The Anne Schofield Collection of costumes and accessories was purchased in 1974 with the assistance of a special grant from the Government of Victoria. The collection contains approximately one thousand pieces which date from 1760 to 1949. It includes display forms which have been made to fit the costumes as well as a substantial and valuable library of bound volumes of fashion magazines, published from 1809 to 1904, early Australian periodicals and weekly fashion plates.
Mrs Anne Schofield of Woollahra, Sydney, began the collection eleven years ago. Unable to find pre-1840 costumes in Australia, she travelled extensively in England to add such costumes to the collection, and indeed, most of those included were acquired overseas.
The collection is predominantly of costumes, but there is a small selection of men’s hats, capes and waistcoats. The most spectacular and important part of the collection is comprised of some two hundred gowns, dresses and cloaks of superb quality which are supplemented by capes, shawls, hats, bonnets, gloves, muffs, fans, parasols, bags, stockings, shoes, jewellery, powder-and-cigarette boxes, ribbons, feathers, night dresses, boudoir caps, camisoles, combinations, drawers, petticoats, corsets, bustles and crinolines. Also important is a section devoted to rare children’s costumes, dresses, coats, caps, hats, shoes, babies’ robes and bonnets. The material in this section dates from 1845 to 1930. The earliest dress in the collection is an open robe of Spitalfields silk, of 1765, of sage green brocade with a pattern of meandering garlands of flowers in pink and ivory.
It is impossible in this note to do more than mention a few costumes of exceptional interest. There is, for example, a carriage dress, circa 1855, of coffee brown Lyon silk with two flounces printed a disposition of ivory lace garland decoration, pagoda sleeves trimmed with rosettes, glass buttons and lace engageantes (fig. 1). Among other dresses of unusual interest are an evening dress by Redfern, circa 1825, of heavy cream satin with sleeves decorated with jet, a dress of white net trimmed with lace insertions and white braid by Paquin, circa 1909, and two fancy dress costumes, one, a French Revolutionary dress complete with phrygian cap and wig dated 1885 and ‘Scrap Album’, a dress of white net appliqued with chromolithographic scraps of butterflies, flowers and figures. This last costume, dated 1893, is supplemented by shoes and a fan decorated in the same style. An interesting part of the collection is the large group of printed calico dresses and white muslin dresses. There are some twenty of these which may be dated between 1809 and 1832.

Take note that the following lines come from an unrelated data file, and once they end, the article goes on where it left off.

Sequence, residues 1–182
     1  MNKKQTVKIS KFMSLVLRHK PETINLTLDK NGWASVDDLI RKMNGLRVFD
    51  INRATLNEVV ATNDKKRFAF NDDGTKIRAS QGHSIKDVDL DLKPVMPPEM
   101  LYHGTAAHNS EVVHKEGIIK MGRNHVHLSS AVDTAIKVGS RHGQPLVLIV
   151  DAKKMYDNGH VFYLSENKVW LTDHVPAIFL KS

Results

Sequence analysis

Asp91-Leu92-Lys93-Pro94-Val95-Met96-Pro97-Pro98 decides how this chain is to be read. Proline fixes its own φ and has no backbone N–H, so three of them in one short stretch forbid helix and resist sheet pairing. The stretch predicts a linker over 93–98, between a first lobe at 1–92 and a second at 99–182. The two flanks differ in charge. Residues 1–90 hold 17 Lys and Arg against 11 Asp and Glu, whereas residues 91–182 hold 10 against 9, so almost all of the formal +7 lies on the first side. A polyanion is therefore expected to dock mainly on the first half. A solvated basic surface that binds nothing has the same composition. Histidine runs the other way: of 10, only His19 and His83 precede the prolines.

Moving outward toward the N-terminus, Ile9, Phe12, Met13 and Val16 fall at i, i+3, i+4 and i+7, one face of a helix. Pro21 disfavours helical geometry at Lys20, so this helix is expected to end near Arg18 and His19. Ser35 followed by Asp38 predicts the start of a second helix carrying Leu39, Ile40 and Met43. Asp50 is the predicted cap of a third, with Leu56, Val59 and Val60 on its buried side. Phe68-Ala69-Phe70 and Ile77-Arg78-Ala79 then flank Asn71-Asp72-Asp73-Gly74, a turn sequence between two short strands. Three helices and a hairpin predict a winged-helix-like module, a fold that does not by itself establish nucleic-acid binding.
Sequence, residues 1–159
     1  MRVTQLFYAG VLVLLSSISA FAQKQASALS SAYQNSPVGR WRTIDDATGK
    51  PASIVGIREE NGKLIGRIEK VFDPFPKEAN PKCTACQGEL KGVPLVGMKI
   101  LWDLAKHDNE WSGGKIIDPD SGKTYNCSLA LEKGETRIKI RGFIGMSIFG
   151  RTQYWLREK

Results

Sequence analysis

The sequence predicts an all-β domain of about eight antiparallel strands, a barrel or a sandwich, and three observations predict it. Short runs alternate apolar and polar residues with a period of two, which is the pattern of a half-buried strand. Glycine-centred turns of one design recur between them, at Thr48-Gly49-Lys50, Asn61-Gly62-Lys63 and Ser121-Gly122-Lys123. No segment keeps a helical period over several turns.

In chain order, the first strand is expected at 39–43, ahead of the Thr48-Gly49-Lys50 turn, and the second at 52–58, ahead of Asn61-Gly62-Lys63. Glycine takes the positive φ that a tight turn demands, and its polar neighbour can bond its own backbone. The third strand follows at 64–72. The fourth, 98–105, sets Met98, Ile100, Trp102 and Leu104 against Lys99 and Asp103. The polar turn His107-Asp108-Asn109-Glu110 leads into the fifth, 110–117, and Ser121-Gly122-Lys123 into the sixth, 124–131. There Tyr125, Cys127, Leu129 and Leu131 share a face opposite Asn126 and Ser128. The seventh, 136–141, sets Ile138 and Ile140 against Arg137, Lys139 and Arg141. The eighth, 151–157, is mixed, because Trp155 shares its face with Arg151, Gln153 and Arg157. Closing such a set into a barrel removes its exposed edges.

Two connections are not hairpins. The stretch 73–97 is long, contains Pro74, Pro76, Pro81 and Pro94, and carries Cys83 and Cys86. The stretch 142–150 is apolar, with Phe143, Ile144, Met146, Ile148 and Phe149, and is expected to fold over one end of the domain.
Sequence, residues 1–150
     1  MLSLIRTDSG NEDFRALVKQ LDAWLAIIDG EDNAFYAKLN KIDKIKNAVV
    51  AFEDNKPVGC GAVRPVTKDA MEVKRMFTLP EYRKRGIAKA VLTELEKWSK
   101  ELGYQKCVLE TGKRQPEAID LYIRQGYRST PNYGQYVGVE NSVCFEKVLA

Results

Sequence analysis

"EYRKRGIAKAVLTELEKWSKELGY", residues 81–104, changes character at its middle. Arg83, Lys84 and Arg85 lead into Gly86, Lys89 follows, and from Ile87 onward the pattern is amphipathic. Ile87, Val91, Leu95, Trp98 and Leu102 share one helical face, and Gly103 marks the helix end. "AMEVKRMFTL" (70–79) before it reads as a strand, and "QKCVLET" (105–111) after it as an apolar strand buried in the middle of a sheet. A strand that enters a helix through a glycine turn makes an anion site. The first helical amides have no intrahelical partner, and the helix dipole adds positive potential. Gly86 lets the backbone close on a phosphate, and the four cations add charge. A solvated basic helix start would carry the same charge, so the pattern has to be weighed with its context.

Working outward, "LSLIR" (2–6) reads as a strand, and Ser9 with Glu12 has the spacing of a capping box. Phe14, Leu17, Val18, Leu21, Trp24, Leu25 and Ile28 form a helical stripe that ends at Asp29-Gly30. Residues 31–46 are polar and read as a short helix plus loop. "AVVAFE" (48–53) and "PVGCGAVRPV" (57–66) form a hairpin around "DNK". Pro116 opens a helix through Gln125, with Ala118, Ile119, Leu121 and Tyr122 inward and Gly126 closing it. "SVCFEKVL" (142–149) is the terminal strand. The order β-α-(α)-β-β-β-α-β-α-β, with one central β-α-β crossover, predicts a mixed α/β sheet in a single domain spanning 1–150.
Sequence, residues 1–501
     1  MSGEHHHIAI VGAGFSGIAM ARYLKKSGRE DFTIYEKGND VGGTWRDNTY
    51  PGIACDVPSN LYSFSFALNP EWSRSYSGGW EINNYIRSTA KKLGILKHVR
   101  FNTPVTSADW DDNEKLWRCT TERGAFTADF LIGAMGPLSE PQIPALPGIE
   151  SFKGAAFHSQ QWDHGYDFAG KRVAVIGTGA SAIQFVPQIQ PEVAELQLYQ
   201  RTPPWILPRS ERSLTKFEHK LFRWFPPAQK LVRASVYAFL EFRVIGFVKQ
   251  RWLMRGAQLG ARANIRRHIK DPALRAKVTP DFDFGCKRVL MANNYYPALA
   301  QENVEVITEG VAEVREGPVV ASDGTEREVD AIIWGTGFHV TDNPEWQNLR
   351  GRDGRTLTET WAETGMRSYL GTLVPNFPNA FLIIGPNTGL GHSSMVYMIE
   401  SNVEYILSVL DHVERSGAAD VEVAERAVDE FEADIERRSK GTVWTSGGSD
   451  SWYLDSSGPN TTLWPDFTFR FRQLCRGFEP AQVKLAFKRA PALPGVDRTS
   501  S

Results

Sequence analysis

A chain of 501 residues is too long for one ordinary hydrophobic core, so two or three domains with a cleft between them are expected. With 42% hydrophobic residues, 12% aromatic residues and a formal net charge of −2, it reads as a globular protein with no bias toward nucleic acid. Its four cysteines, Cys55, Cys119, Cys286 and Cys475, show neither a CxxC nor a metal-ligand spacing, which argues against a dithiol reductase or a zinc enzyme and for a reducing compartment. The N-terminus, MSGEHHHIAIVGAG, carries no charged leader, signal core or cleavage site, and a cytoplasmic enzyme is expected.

The 1920s and 1930s are very well represented with about forty fine examples of evening and day dresses, cloaks and coats. There is, for example, an evening dress of blue and red floral printed georgette with petalled skirt, label Modele Molyneux, 60 Grosvenor Square, London, circa 1927. An evening dress and matching coat of white muslin shading to the hem, beaded entirely in white, is believed to have been designed by Chanel, circa 1927.
Caps, bonnets and hats are always difficult items to find and they form an important part of any costume collection. The Schofield Collection has many fine examples dating from 1830 to 1949 and included are two rare wedding bonnets with labels, circa 1850, both of which came from Maison Lemonnier, Paris. Many of the costumes and accessories are labelled with makers’ names, for example, Russell and Allen, Old Bond St.; Elise, Regent St.; Jays, Regent St.; Marshall and Snelgrove, Oxford St.; Molyneux, Grosvenor St., London; Jessop, Nottingham; Beer, Paris; James Marshall, Adelaide; Miss Knee, Sydney; E. Webb & Co., Bathurst, New South Wales; Anthony Hordern and Son, Sydney.
From the 24th March to 4th May, 1975, more than three hundred and seventy costumes and accessories from the Schofield Collection were displayed in the temporary exhibitions gallery of the National Gallery of Victoria. A comprehensive catalogue accompanied the exhibition.